It turns out that plastic bag taxes work. Really, really well.
Still, a headline reported by Sky News is particularly worthy of note: Apparently, the number of plastic bags distributed by the UK's largest retailers has fallen by 86% since 2015, according to government figures.
The reason for this fall is simple: 2015 is the year that a 5p charge was introduced for each bag.
To put this into context, prior to the ban the average UK consumer brought home 140 plastic bags per year. Now they take home only 19. (DC experienced a comparable drop when it introduced a similar charge.) And the really good news is that the results are already trickling through to the environment—or, more to the point, they are not trickling through:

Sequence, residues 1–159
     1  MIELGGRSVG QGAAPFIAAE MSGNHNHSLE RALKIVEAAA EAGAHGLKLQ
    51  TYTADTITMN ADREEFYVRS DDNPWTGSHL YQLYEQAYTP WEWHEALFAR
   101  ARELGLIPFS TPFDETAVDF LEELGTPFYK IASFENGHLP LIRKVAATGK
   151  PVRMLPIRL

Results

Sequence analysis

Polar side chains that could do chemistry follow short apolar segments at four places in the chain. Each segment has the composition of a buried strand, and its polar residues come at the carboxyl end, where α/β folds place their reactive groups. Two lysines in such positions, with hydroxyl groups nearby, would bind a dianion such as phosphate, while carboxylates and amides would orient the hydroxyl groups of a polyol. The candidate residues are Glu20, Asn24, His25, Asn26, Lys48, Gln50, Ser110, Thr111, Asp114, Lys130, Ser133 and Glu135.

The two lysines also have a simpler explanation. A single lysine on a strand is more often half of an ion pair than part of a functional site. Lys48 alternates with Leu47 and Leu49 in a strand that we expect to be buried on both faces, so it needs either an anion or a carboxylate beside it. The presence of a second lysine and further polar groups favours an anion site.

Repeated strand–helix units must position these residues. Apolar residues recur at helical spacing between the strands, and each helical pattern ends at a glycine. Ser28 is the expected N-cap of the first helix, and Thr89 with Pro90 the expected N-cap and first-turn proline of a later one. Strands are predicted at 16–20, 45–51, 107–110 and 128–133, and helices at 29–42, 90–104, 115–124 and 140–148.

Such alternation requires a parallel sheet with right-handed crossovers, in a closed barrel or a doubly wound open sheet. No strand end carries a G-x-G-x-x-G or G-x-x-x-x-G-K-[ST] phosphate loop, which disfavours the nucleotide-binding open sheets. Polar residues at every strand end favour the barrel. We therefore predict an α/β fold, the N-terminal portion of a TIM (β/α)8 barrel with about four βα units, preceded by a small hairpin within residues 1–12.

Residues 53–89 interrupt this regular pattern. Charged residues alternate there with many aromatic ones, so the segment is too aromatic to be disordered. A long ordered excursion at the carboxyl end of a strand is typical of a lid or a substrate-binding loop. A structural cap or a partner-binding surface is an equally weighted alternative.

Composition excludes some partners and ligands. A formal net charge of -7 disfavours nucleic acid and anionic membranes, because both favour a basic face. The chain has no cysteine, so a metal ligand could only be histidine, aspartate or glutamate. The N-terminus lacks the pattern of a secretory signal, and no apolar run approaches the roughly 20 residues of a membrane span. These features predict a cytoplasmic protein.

A Centre for Environment, Fisheries and Aquaculture Science (CEFAS) study found that since the 5p charge was brought in there has been an estimated 50% reduction in the amount of plastic bag marine litter.
"Every plastic bag not purchased is one which will not end up in our sea, damaging habitats or harming marine life," said CEFAS marine litter scientist Thomas Maes.
Of course, plastic bags are just one small piece of the overall plastic pollution puzzle. But the experience of countries and communities who have introduced bag levies suggest that it's possible to turn the corner, and then move on to other challenges...